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As some supply disruption from Canada’s heavy crude oil supply to the U.S. is coinciding with reduced shipment to the U.S. from OPEC, analysts say that Gulf Coast refineries are expected to buy this month as much Mexican crude as they can, because higher Canadian crude prices make the similar Mexican grade cheaper and therefore more attractive.
According to Bloomberg, Syncrude Canada has advised customers that they would not get any April supply from the 350,000-bpd upgrader that turns bitumen from the oil sands into light synthetic crude. Following a fire at the upgrader last month, Syncrude Canada has moved forward its maintenance activities, people familiar with the matter told Bloomberg.
The Western Canadian Select grade was trading at a discount of $4.117 per barrel to Mexico’s similar Maya grade on Monday, the smallest discount since the May 2016 wildfires in Alberta, Bloomberg’s figures show. The small spread with the Mexican grade is too uneconomical to cover the $7 per barrel cost to send heavy Canadian crude to the Gulf via pipeline, Carl Evans, an analyst at Genscape Inc, told Bloomberg.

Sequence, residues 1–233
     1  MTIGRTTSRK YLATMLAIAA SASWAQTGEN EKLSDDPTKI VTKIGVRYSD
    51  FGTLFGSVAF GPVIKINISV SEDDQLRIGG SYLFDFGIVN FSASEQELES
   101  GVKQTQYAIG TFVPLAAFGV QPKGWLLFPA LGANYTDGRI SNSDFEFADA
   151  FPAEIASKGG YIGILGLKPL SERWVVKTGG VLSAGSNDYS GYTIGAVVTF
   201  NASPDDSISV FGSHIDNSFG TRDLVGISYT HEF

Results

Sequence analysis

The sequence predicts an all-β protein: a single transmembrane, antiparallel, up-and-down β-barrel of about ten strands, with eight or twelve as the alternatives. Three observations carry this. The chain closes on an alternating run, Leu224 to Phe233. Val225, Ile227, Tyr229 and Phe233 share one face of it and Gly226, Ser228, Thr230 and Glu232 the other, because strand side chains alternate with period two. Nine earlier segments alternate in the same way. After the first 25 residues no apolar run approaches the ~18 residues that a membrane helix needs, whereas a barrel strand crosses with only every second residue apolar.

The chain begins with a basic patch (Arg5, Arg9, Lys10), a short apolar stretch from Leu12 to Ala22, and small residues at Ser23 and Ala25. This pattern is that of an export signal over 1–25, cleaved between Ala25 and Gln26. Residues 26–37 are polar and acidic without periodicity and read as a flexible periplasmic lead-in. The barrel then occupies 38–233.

“Probably the Gulf will take as much Mexican as it can,” Evans noted.
The price of Western Canadian Select also jumped to the lowest discount to WTI - $10.50 – in nearly two years, according to Bloomberg data.
U.S. imports of Mexican crude oil have been dropping since 2010, and halved from 1.152 million bpd in 2010 to 582,000 bpd in 2016, data by the EIA shows.
U.S. imports from Canada, on the other hand, jumped from 1.970 million bpd in 2010 to 3.256 million bpd in 2016, with new pipeline capacity opening up.
Related: Putin Says Russia Will Become World’s Top LNG Producer
The U.S. energy trade with Canada accounted for about 5 percent of the value of all U.S. exports to Canada and more than 19 percent of the value of all U.S. imports from Canada in 2016, according to EIA data from last month. For 2016, the value of U.S. energy imports from Canada was $53 billion, while the value of U.S. energy exports to Canada was $14 billion.
By Tsvetana Paraskova for Oilprice.com
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Tsvetana is a writer for Oilprice.com with over a decade of experience writing for news outlets such as iNVEZZ and SeeNews.